Three Circumstances That Necessitate Contacting A Workers Compensation Attorney
Workers' compensation is a form of insurance that is designed to protect workers who have been injured on the job. If you have been injured while working, you will find this insurance valuable. For most people, the process of filing a claim is easy. You receive benefits for a short period of time while you heal, and then you go back to work. Of course, it doesn't always work out like this. The following are a few circumstances when you need to contact an attorney.
Your claim has been denied
If this happens to you, the first thing you need to do is contact an attorney. You will be notified of the denial of benefits by letter. Do not bother speaking to the insurance company or even your employer. The chances are it will accomplish nothing. The reasons for your claim being denied will be documented, so you need to take this information to an attorney. Sometimes a claim is denied because there were no witnesses, but the nature of the injury makes it clear that it came from your job. Although there are many reasons an insurance company may give for denying your claim, an attorney can negotiate with the company better than you can.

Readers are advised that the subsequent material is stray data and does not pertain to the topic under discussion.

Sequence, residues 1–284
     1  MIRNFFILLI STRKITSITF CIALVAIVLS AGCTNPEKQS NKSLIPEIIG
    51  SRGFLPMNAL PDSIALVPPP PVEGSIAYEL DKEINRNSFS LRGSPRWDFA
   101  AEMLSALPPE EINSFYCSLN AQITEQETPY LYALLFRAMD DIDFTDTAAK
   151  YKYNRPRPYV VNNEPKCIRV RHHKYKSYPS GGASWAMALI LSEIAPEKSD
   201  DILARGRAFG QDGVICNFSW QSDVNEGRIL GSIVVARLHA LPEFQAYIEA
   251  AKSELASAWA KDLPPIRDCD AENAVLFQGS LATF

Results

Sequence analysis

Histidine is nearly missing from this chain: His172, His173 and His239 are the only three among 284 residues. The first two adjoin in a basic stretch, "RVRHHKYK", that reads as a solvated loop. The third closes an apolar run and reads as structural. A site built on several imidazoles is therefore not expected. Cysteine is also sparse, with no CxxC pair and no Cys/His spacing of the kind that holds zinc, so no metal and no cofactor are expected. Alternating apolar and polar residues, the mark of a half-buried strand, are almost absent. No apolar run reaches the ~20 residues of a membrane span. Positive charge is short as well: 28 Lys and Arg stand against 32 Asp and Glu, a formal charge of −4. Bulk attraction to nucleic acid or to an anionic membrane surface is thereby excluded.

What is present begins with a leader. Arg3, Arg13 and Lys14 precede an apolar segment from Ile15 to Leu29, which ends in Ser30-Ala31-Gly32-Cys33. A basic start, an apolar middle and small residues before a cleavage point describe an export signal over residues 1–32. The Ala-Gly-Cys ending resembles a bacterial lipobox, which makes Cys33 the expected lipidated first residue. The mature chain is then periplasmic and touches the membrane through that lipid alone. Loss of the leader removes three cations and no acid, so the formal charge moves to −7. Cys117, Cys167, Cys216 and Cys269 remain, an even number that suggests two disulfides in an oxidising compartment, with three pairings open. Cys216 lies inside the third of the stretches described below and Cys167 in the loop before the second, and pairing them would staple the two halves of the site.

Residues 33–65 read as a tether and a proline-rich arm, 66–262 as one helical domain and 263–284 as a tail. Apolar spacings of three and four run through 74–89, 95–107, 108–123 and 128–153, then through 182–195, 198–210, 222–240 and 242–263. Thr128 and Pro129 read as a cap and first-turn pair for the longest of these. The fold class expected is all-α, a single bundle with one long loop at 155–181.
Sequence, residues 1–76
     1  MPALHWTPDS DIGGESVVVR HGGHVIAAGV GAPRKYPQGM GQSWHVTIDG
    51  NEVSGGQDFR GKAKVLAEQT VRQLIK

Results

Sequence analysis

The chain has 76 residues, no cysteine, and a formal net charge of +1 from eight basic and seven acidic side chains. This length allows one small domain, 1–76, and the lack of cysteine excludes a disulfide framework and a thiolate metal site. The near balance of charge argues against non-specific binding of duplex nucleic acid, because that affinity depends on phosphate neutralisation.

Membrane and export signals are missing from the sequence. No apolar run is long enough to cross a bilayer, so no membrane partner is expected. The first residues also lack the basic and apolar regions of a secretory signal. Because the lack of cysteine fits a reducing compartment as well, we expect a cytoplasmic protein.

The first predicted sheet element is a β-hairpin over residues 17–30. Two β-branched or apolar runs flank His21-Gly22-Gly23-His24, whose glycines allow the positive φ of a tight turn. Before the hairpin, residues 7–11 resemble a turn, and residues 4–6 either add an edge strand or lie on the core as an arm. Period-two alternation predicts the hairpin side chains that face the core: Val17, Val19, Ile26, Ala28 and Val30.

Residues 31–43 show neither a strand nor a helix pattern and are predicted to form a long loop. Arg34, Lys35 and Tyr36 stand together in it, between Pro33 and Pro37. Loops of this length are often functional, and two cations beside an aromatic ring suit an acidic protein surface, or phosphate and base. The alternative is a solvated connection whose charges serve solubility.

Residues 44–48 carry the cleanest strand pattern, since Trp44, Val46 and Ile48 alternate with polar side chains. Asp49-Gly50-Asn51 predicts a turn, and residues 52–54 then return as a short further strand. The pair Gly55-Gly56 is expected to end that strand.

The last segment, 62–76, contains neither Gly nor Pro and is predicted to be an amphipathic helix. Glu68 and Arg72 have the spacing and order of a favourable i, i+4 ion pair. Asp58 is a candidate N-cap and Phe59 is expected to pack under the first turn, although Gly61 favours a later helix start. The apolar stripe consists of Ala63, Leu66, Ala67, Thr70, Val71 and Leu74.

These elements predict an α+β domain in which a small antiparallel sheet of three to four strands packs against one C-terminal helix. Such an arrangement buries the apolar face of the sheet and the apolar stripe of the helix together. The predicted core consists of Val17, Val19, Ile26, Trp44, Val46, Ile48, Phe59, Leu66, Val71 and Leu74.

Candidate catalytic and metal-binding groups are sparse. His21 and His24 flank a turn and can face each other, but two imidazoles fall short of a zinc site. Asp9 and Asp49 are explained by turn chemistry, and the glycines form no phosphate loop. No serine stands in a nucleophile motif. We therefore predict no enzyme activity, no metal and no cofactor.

Your benefits have been terminated
Based upon your injury, an insurance company is likely to have an idea of the time period you should be away from work. Once this period is up, they may terminate your benefits. The problem is that you may not be ready to go back. Some injuries are subtle and difficult to determine the length for healing and rehabilitation. One example is an issue related to your back. These injuries are often difficult to diagnose and more difficult to determine when an employee is ready to go back to his or her job. For this reason, it is important to have an attorney represent you. They understand the issues that relate to rehabilitation and recovery.
Your benefits are not being extended
There really is no defined limit to how long you can receive benefits. But even if you have an injury that is permanent, you may still have an issue with your workers' compensation. You may be expected to train for another line of work. Although you can no longer do the work of your chosen profession, your injuries do not preclude you from doing another type of work. Although this may be true, there is the element of time regarding the transition. Never accept the word of an insurance company. Their decisions are not the final word.
Although you may never have a problem with workers' compensation, the moment you do, you should consult with an attorney. You are no match for an insurance company, but a workers' compensation attorney routinely negotiates and even goes to court with insurance firms to get the benefits you are entitled to.